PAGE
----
Entertainment robot Mesmer by Engineered Arts
Image: Engineered Arts

Video Friday is your weekly selection of awesome robotics videos, collected by your Automaton bloggers. We’ll also be posting a weekly calendar of upcoming robotics events for the next few months; here's what we have so far (send us your events!):

HRI 2021 – March 8-11, 2021 – [Online Conference]
RoboSoft 2021 – April 12-16, 2021 – [Online Conference]
ICRA 2021 – May 30-5, 2021 – Xi'an, China

Let us know if you have suggestions for next week, and enjoy today's videos.

Engineered Arts' latest Mesmer entertainment robot is Cleo. It sings, gesticulates, and even does impressions. 

[ Engineered Arts ]

I do not know what this thing is or what it's saying but Panasonic is going to be selling them and I will pay WHATEVER. IT. COSTS.

Slightly worrisome is that Google Translate persistently thinks that part of the description involves "sleeping and flatulence."

[ Panasonic ] via [ RobotStart ]

Spot Enterprise is here to help you safely ignore every alarm that goes off at work while you're snug at home in your jammies drinking cocoa.

That Spot needs a bath.

If you missed the launch event (with more on the arm), check it out here:

[ Boston Dynamics ]

PHASA-35, a 35m wingspan solar-electric aircraft successfully completed its maiden flight in Australia, February 2020. Designed to operate unmanned in the stratosphere, above the weather and conventional air traffic, PHASA-35 offers a persistent and affordable alternative to satellites combined with the flexibility of an aircraft, which could be used for a range of valuable applications including forest fire detection and maritime surveillance.

[ BAE Systems ]

As part of the Army Research Lab’s (ARL) Robotics Collaborative Technology Alliance (RCTA), we are developing new planning and control algorithms for quadrupedal robots. The goal of our project is to equip the robot LLAMA, developed by NASA JPL, with the skills it needs to move at operational tempo over difficult terrain to keep up with a human squad. This requires innovative perception, planning, and control techniques to make the robot both precise in execution for navigating technical obstacles and robust enough to reject disturbances and recover from unknown errors.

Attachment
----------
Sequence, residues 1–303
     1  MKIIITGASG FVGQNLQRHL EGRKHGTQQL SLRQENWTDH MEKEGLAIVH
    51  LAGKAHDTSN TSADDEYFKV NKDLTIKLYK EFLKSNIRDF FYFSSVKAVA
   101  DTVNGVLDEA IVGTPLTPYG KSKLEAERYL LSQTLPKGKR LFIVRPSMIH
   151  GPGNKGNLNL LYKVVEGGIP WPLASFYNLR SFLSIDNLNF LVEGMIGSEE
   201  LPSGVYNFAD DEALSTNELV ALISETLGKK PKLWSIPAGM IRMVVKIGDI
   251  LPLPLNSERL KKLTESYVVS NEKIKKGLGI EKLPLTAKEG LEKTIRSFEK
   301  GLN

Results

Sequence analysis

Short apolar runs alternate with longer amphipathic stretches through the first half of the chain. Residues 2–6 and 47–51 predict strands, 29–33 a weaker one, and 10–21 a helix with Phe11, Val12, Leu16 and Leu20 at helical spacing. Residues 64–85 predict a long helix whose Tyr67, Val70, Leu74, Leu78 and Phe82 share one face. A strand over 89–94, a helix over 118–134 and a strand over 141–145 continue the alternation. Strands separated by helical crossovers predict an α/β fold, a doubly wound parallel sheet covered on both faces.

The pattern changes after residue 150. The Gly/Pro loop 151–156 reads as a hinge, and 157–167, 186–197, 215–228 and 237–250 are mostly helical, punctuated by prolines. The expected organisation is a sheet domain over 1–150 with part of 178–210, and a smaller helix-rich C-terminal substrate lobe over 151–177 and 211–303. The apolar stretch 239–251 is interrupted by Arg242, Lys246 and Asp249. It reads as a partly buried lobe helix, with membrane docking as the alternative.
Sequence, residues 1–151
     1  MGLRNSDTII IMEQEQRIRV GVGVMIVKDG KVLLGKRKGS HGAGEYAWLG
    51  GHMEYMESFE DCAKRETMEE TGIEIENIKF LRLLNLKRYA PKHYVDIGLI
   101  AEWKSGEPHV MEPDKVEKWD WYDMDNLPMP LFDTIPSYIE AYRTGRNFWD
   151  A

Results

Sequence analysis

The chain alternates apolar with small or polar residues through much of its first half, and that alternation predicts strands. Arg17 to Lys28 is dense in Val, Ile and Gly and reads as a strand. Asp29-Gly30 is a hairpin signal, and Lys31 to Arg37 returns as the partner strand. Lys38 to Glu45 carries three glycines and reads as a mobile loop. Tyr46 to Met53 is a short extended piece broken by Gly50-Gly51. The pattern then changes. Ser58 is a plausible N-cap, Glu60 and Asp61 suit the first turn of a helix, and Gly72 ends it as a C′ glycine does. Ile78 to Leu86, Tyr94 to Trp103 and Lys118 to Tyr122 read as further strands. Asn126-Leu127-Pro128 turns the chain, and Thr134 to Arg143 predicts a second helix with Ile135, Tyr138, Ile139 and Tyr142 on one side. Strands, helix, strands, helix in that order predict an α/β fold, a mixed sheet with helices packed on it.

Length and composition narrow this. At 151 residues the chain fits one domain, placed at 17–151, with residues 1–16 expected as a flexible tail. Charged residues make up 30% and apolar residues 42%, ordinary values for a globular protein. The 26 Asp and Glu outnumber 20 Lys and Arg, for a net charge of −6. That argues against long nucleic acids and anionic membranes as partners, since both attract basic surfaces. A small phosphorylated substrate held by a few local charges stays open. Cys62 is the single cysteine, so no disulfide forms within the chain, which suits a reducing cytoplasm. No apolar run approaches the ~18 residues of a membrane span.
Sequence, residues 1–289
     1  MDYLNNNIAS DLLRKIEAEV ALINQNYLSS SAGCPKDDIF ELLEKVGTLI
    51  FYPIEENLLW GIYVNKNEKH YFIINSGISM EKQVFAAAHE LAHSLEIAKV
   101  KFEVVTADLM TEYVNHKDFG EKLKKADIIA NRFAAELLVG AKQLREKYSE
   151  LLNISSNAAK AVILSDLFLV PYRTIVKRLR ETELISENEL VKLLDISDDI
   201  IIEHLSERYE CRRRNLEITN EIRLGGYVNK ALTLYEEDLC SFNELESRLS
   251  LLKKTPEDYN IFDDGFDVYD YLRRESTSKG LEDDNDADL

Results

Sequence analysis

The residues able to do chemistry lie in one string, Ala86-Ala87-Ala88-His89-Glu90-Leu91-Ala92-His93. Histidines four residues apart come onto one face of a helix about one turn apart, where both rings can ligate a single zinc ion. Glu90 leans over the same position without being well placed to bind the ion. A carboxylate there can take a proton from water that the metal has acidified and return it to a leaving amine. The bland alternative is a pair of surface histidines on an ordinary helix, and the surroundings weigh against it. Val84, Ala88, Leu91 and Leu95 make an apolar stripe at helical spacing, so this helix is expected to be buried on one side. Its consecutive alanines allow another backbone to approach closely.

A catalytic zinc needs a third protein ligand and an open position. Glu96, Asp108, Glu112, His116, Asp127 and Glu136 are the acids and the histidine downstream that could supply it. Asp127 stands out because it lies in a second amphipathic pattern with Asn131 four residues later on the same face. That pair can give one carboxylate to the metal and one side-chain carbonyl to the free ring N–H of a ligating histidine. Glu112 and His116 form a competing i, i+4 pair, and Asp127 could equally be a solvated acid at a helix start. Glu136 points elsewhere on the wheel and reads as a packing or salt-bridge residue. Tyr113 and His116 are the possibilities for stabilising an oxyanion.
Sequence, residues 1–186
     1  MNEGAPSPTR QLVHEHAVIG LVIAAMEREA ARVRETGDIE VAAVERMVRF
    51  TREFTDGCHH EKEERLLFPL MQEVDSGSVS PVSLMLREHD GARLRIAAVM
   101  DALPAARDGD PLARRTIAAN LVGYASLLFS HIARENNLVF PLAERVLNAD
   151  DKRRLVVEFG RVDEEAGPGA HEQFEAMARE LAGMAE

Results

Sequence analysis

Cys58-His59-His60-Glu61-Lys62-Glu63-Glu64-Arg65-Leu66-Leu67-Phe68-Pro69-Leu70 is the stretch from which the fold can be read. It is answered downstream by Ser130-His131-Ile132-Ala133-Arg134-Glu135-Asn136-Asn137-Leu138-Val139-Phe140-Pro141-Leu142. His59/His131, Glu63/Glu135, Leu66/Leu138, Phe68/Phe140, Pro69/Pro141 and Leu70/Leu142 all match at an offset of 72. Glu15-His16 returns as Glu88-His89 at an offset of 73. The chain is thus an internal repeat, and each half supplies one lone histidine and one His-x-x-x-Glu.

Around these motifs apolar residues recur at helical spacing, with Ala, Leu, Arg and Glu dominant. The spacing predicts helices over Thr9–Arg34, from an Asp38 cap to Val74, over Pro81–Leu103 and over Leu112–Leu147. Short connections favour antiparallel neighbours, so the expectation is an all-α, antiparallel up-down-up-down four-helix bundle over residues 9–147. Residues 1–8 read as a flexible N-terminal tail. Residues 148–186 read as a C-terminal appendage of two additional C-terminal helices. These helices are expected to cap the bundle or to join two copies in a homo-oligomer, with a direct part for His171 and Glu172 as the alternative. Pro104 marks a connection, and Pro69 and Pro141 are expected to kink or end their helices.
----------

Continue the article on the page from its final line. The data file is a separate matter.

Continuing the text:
[ IHMC ]

Watch what happens to this drone when it tries to install a bird diverter on a high voltage power line:

[ GRVC ]

Soldiers navigate a wide variety of terrains to successfully complete their missions. As human/agent teaming and artificial intelligence advance, the same flexibility will be required of robots to maneuver across diverse terrain and become effective combat teammates.

[ Army ]

The goal of the GRIFFIN project is to create something similar to sort of robotic bird, which almost certainly won't look like this concept rendering.

While I think this research is great, at what point is it in fact easier to just, you know, train an actual bird?

[ GRIFFIN ]

Paul Newman narrates this video from two decades ago, which is a pretty neat trick.

[ Oxford Robotics Institute ]

The first step towards a LEGO-based robotic McMuffin creator is cracking and separating eggs.

[ Astonishing Studios ] via [ BB ]

Some interesting soft robotics projects at the University of Southern Denmark.

[ SDU ]

Chong Liu introduces Creature_02, his final presentation for Hod Lipson's Robotics Studio course at Columbia.

[ Chong Liu ]

The world needs more robot blimps.

[ Lab INIT Robots ]